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body image, obesity, weight loss

More than two-thirds of Americans are overweight: the normalization of unhealthy

34% of the adult population in America (32% of men and 35% of women) is obese. While the rate of obesity (body mass index ≥ 30, or 30 lbs overweight for someone who is 5’4″) has remained constant over the past few years. The rate of obesity has more than doubled since 1985, when less than 15% of the population was obese. Now 68% of the population is either overweight (BMI of ≥ 25-29) or obese (JAMA, 2010).

Obesity rates comparing 1990, 2000, and 2010

We can argue about BMI being an imperfect tool, and it is. BMI only accounts for weight, not muscle versus fat, so a very healthy person with a lot of muscle mass could have a BMI of ≥ 25 and technically be a healthy weight. Likewise, a person can have a normal BMI (≥19-25) and actually be unhealthy if they have no lean muscle mass (that is why BMI is less accurate for elderly people as most people lose muscle mass with age). However, keep in mind if your BMI is over 30 it’s a pretty accurate reflection of obesity. And while my observations are clearly not evidence based medicine, I remember very few instances where I was surprised to find out a patient who I thought was a healthy weight actually had a BMI of 25 or more.

Being overweight is a health risk. It increases the odds of diabetes, heart disease, breast cancer, and arthritis just to name a few of the negative health repercussions. This is not a judgement, it is simply fact. If you are overweight you are more likely to die earlier than someone with a BMI of 19 – 25. Of course, not everyone who is overweight will die of a heart attack and not every smoker will get lung cancer. My grandfather smoked until he died, at the age of 99, but just because he beat the odds doesn’t mean it is a safe habit.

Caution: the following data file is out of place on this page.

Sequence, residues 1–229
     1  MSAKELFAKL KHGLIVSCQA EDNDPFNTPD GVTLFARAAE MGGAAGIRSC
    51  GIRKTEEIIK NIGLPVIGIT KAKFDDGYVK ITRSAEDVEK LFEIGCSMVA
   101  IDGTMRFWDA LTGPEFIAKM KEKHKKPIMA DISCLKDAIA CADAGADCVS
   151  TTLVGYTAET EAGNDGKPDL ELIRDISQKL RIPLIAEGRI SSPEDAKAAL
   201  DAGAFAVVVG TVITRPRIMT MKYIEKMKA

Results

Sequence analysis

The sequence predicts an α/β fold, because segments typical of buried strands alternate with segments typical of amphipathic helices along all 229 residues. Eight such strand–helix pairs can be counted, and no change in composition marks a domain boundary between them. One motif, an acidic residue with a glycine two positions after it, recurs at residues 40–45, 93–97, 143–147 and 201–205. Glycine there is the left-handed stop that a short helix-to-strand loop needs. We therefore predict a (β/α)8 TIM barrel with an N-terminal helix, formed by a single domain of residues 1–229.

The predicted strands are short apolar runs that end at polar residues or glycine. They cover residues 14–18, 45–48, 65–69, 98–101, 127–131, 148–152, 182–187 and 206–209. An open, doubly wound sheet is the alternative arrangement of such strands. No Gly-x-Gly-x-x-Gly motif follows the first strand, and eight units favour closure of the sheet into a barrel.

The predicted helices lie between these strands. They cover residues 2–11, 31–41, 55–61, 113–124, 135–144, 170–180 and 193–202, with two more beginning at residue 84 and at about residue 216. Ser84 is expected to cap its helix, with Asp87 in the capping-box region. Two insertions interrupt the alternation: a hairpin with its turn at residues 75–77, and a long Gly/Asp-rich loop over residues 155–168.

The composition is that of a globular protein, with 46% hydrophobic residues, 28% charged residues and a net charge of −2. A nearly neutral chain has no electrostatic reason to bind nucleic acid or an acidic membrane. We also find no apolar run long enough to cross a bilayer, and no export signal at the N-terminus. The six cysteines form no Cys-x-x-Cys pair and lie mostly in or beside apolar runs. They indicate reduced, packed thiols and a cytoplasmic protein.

Seeing the color changes by decade on the CDC chart is heart breaking. That we are eating ourselves to death (never mind the economic burden due to the increased costs of health care). While there are many factors involved, such as poverty, education, and difficult access to better food choices, I wonder how much the normalization of overweight comes into play. Is there a tipping point where so many people around are overweight that it ceases to register as a health concern?

I’m not sure I know the answer, but I live in a county with the lowest obesity rate in California: 16%. And seeing healthy looking people out and about helps. It certainly helped trigger me into thinking that I wasn’t as healthy as I had previous thought. When I lived in areas where decidedly more people were obese, well, it just seemed more normal.

It’s a hard conversation for many to hear. So much body image and self-worth bound and wound together with each pound. But when we talk about healthy weight, about striving for a BMI of 19-25, we are not ascribing blame or wrong doing. We are not saying bad or good. We are talking about health. About reducing diabetes risk. About reducing the risk for cancer.   About preventing a knee replacement.

Normalization of what is common happens to all of us. It doesn’t mean we are bad people it’s just human nature. But it’s also one more reason why we need to keep talking about healthy weight. No matter how difficult the conversation.


5 thoughts on “More than two-thirds of Americans are overweight: the normalization of unhealthy

  1. Very true, it is heartbreaking. I live in one of those areas that is >30% obese. And I spend a lot of my day counseling and trying to help people lose weight and to understand the health risks associated with it. And what is even more heartbreaking is that about once a month a family will bring a child in for being underweight and wanting to know what is wrong, and the child is actually ideal for his height and weight. That is where you truly see the normalization of the obese patient. When a normal weight child is thought to be underweight and malnourished.